Zygote intrafallopian transfer (ZIFT) is one of the rarely practised methods of assisted reproductive technology. If a couple opts to undergo ZIFT, as part of their attempts to parent a child, the medication starts by helping the woman to produce mature egg. Before her body naturally release the eggs, the gynaecologist will have made arrangements to retrieve them safely. These medications will be administered only after subjecting anaesthesia on the concerned woman. The retrieved eggs are then taken to set laboratories where they get artificially combined with the sperm cells collected from her spouse. They will be left overnight to fertilise under laboratory conditions.
Roughly after a day, the fertilised eggs will be relocated into the woman’s womb through a laproscopic surgery. As part of this surgery, a small cut will be made beneath the woman’s navel through which a thin tube will be put in. It is through this tiny tube that the fertilised eggs are deposited inside the fallopian tube. The number of transferred fertilised eggs, which are now embryos, ranges from one to four. From then on, the fertilised eggs undergo natural process of conception. As in the ordinary case, the fertilised egg move on its own to the uterus through the fallopian tubes.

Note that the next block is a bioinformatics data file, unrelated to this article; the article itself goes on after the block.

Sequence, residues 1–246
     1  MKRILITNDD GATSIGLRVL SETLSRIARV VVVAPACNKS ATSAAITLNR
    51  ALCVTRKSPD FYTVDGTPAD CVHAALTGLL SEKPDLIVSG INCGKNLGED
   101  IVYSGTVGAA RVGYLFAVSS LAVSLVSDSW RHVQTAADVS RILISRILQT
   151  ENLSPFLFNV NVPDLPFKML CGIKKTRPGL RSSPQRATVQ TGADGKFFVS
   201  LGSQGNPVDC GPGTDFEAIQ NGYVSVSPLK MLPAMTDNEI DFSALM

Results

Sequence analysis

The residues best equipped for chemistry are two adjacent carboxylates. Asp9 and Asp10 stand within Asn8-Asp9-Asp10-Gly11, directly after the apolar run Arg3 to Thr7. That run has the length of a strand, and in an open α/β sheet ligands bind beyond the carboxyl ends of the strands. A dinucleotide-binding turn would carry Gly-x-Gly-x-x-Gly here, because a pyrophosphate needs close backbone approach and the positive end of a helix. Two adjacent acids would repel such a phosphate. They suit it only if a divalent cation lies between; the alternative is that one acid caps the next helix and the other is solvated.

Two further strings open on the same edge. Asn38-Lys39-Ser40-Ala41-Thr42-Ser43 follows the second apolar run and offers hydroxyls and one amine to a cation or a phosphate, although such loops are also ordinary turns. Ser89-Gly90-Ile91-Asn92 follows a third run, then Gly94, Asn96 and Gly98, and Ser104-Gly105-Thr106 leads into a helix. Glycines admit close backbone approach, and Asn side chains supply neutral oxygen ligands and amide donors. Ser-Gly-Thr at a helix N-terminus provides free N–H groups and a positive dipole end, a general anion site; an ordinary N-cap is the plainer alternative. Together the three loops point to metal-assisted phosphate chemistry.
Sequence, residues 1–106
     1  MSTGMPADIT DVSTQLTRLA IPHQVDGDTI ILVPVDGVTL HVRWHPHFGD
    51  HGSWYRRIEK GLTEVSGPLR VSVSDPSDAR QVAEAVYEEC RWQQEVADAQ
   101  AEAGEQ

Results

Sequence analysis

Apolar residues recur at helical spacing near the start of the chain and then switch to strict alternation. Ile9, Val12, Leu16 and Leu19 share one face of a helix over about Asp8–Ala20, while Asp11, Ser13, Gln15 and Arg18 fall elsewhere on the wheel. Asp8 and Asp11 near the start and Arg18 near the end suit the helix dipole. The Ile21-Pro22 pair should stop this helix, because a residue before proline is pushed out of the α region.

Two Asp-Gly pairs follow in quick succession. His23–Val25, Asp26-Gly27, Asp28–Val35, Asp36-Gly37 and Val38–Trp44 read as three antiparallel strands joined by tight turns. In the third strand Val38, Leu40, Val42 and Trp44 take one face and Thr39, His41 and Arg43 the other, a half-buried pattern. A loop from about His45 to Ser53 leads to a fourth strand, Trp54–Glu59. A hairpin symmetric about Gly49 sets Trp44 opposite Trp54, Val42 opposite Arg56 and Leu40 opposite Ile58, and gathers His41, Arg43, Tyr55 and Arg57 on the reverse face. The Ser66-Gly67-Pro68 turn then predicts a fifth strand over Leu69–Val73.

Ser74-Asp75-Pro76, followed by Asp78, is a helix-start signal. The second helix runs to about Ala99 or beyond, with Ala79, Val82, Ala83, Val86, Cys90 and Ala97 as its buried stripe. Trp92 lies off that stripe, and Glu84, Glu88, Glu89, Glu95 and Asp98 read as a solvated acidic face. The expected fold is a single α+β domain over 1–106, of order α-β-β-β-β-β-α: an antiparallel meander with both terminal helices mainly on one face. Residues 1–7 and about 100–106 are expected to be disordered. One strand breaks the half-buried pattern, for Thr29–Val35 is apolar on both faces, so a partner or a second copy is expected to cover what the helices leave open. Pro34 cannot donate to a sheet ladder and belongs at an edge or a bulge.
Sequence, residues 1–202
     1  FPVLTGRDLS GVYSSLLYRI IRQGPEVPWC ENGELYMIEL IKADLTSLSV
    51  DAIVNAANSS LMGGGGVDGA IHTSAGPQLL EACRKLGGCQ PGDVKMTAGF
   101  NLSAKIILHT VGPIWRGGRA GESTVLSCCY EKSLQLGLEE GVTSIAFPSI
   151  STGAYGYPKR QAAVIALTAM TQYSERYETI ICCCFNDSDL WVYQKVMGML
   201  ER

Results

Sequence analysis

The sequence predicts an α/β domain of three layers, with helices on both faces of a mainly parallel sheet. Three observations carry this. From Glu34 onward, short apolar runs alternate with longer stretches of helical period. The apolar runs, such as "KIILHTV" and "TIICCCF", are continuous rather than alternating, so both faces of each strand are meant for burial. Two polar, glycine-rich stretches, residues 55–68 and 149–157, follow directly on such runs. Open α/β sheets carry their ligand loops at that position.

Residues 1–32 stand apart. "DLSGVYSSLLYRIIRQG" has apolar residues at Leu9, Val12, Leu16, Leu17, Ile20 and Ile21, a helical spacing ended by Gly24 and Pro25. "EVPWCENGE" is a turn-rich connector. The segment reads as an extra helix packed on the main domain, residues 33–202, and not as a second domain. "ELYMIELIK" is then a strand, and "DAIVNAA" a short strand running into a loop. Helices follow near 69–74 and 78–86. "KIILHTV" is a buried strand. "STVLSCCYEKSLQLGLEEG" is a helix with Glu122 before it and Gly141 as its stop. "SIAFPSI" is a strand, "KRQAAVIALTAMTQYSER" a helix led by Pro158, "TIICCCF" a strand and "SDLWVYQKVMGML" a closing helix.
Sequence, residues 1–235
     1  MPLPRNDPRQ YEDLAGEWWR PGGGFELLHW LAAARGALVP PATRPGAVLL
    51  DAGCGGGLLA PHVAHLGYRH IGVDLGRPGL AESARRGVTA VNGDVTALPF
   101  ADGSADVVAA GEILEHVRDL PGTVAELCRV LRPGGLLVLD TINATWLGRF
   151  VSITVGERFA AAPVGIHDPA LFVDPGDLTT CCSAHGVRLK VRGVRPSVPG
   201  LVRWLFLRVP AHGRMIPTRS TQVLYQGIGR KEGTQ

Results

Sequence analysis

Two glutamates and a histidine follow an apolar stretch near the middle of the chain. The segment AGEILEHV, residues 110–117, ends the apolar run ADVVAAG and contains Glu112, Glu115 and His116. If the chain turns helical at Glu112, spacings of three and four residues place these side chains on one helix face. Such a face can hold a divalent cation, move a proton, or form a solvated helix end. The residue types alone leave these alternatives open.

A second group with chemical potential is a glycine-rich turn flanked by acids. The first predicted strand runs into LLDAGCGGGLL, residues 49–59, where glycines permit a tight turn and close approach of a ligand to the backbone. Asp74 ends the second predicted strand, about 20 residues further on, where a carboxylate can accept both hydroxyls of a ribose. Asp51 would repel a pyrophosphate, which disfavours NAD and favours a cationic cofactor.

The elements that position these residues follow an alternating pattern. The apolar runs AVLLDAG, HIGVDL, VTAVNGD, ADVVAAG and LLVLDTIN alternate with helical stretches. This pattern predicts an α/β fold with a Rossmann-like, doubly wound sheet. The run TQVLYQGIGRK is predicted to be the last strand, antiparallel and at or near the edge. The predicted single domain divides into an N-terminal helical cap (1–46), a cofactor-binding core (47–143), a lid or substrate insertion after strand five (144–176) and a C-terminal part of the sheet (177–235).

ZIFT is not found to be effective in such women who have a history of tubular pregnancy. Women who have irregularities in their fallopian tubes also should not opt for zygote intrafallopian transfer. The major prerequisite for undergoing ZIFT is that you should have at least one fully functional fallopian tube. The sperm count of your spouse also should be decent, even if not adequate. It is advisable for men with extremely low sperm count to make use of intracytoplasmic sperm injection before letting their spouse undergo zygote transfer. On an average it is considered that thirty six per cent of women who undergo this treatment are impregnated. Among them, only twenty nine per cent delivers live babies. Moreover, in this method, there is an increased risk for ectopic pregnancies.